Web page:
November 25, 2022


Graham Reynolds

Replay: Rock Opera and Other Border Crossings

Graham Reynolds has composed for film, ballet, theater. He also leads a band that puts on great live concerts. And he wrote a rock opera about Pancho Villa. This week, we talk about all that with Graham. Plus, poet Ross Gay, delighted.

November 18, 2022


Puppets of Bart Everson and Christy Paxson

Oscar Wilde on trial, then two puppets get married

Two performances: the trials of Oscar Wilde on stage, and a puppet wedding. And more.

November 11, 2022


Salil and Yousuf

Replay: Love and Citizenship in the Heartland

It was a summer day when Nancy and Kim found out they could get married. They both had other plans for lunch, so they waited till 3. Stories of love and citizenship, this week on Inner States.

November 4, 2022


Historian Emiliano Aguilar

Only (One) Murder in this Episode about Latinx Politics in East Chicago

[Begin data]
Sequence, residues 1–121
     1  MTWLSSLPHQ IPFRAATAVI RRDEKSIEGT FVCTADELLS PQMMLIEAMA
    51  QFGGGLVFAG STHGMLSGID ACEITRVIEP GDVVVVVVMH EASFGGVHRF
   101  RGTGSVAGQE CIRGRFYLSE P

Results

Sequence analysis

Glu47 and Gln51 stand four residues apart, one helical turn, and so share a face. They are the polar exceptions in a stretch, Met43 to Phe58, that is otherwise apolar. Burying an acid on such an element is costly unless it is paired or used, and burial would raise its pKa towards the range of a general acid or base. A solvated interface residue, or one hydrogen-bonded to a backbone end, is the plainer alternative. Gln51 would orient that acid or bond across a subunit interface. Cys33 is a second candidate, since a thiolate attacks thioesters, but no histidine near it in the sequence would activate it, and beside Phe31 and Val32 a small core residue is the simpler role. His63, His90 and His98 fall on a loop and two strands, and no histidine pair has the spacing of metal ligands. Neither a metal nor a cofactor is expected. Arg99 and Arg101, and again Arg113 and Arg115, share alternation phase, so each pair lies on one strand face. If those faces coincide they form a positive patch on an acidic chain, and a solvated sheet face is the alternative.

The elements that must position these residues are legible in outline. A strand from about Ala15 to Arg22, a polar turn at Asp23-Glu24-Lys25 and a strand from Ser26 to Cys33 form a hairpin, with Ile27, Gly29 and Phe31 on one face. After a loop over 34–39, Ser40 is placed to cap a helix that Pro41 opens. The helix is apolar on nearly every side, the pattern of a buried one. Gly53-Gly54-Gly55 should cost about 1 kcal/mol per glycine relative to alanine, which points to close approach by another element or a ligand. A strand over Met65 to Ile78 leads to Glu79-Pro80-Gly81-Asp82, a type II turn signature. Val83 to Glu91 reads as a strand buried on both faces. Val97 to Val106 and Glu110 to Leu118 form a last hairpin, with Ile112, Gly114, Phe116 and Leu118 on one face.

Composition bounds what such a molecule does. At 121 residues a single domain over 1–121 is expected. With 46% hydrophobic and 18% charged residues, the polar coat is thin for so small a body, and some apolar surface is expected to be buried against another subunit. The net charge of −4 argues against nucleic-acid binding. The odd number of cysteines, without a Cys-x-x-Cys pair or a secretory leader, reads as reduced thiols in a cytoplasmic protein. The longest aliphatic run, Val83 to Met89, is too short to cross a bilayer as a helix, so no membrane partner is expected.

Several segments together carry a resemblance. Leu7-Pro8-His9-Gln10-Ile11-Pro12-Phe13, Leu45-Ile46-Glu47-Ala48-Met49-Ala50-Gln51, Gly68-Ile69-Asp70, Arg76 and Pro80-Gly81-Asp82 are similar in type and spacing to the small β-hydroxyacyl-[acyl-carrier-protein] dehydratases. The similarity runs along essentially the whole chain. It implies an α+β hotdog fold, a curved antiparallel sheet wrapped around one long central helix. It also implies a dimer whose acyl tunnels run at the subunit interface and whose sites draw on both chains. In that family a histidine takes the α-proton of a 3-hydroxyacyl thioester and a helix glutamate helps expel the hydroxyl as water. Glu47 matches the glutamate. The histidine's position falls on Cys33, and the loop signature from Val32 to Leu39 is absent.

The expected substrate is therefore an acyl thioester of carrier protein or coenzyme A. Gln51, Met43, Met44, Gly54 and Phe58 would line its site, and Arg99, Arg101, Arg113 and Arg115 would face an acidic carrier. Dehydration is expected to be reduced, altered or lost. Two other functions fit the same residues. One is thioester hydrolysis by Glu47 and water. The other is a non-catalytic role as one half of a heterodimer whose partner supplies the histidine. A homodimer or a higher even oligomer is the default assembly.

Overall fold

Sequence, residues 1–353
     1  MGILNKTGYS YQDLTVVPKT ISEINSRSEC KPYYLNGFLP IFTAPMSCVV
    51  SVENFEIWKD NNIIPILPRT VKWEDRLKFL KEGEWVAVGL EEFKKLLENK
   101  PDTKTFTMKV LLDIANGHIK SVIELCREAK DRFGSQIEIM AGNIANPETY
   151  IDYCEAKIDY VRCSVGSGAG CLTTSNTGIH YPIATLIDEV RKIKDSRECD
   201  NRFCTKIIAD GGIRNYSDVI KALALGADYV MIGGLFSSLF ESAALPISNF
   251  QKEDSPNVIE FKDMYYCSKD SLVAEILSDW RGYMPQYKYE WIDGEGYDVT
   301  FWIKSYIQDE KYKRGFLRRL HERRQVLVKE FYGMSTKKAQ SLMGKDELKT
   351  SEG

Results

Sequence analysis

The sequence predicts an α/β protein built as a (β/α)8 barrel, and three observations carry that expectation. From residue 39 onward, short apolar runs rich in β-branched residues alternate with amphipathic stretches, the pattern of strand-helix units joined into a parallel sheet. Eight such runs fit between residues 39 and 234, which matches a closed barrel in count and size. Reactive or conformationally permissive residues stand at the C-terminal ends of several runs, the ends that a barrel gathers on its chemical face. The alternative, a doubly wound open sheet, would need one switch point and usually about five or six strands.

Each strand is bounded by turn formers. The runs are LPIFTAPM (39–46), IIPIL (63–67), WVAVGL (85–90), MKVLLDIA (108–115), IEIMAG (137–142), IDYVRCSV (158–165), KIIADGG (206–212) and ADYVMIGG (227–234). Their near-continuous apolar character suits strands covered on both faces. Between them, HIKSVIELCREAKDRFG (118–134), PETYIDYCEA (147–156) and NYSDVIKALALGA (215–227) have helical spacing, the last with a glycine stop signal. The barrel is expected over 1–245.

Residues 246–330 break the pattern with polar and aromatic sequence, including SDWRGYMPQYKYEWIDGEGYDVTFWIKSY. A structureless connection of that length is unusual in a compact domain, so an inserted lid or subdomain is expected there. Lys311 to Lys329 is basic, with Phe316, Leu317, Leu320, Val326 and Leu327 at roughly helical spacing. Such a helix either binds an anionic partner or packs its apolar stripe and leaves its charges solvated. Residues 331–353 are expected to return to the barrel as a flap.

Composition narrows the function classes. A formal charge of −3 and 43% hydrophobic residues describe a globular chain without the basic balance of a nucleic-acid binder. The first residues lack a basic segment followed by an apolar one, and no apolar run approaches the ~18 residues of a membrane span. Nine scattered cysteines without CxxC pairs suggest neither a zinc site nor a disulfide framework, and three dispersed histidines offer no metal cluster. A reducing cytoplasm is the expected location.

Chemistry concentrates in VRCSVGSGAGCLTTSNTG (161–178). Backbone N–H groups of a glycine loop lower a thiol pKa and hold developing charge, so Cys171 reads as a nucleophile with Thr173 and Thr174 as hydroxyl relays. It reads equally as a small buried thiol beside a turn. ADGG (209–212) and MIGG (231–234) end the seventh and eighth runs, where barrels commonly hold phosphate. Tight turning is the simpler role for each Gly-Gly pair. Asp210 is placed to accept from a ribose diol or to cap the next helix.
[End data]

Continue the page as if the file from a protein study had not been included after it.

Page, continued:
Historian Emiliano Aguilar on Latinx politics in East Chicago, how political representation isn’t necessarily a panacea for historic discrimination, and why we should keep paying attention to local politics.

October 28, 2022


Monique Verdin and Tracing Our Mississippi in Columbus, Indiana

Replay: Two Rivers, One Watershed

Indiana doesn’t touch the Mississippi River, but it’s still bound up with it. This week, we talk with Monique Verdin, Liz Brownlee, and others, about those connections. Plus, a review of Ian Woollen’s Sister City.

October 21, 2022


Ross Gay

Ross Gay on Inciting Joy

Ross Gay’s new book of essays, Inciting Joy, comes out this week. On this episode, we talk about his new book, about masculinity and grief, teaching and survival, and how joy and sorrow are completely, inevitably, intertwined.

October 14, 2022


LaWaSo Ground, Columbus Indiana

Who to Remember and How (Updated)

A walk among memorials and public art pieces in the fall of 2021. We talk with creators, participants, and passers-by about the meaning of public art, about Native presence in a state named for Indians, about immigration, Christopher Columbus, Columbus, Indiana, who we choose to remember, and how.

October 7, 2022


Fafnir Adamites in their studio

Felt Thoughts, TaB, and more

Fiber artist Fafnir Adamites about textiles, repetitive processes, and making space for intergenerational trauma. The closing of a TaB. And producer Anna Grimes’ grandmother’s memory.